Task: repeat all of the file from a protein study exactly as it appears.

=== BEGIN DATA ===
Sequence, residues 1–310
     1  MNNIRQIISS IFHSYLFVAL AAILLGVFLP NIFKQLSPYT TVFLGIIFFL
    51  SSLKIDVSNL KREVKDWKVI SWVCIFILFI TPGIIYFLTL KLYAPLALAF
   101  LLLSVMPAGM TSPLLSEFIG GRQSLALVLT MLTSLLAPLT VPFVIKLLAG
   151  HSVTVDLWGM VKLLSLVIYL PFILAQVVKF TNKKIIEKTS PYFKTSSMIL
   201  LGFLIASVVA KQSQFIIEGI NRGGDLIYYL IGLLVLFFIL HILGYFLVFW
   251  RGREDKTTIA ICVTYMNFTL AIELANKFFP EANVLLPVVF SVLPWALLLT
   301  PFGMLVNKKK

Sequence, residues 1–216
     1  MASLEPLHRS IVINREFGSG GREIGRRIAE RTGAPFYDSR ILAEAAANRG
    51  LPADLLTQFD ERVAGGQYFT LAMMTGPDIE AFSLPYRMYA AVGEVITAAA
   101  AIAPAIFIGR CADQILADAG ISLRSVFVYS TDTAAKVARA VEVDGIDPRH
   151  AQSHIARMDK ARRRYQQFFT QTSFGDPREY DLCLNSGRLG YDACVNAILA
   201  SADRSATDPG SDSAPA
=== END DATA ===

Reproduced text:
Sequence, residues 1–310
     1  MNNIRQIISS IFHSYLFVAL AAILLGVFLP NIFKQLSPYT TVFLGIIFFL
    51  SSLKIDVSNL KREVKDWKVI SWVCIFILFI TPGIIYFLTL KLYAPLALAF
   101  LLLSVMPAGM TSPLLSEFIG GRQSLALVLT MLTSLLAPLT VPFVIKLLAG
   151  HSVTVDLWGM VKLLSLVIYL PFILAQVVKF TNKKIIEKTS PYFKTSSMIL
   201  LGFLIASVVA KQSQFIIEGI NRGGDLIYYL IGLLVLFFIL HILGYFLVFW
   251  RGREDKTTIA ICVTYMNFTL AIELANKFFP EANVLLPVVF SVLPWALLLT
   301  PFGMLVNKKK

Sequence, residues 1–216
     1  MASLEPLHRS IVINREFGSG GREIGRRIAE RTGAPFYDSR ILAEAAANRG
    51  LPADLLTQFD ERVAGGQYFT LAMMTGPDIE AFSLPYRMYA AVGEVITAAA
   101  AIAPAIFIGR CADQILADAG ISLRSVFVYS TDTAAKVARA VEVDGIDPRH
   151  AQSHIARMDK ARRRYQQFFT QTSFGDPREY DLCLNSGRLG YDACVNAILA
   201  SADRSATDPG SDSAPA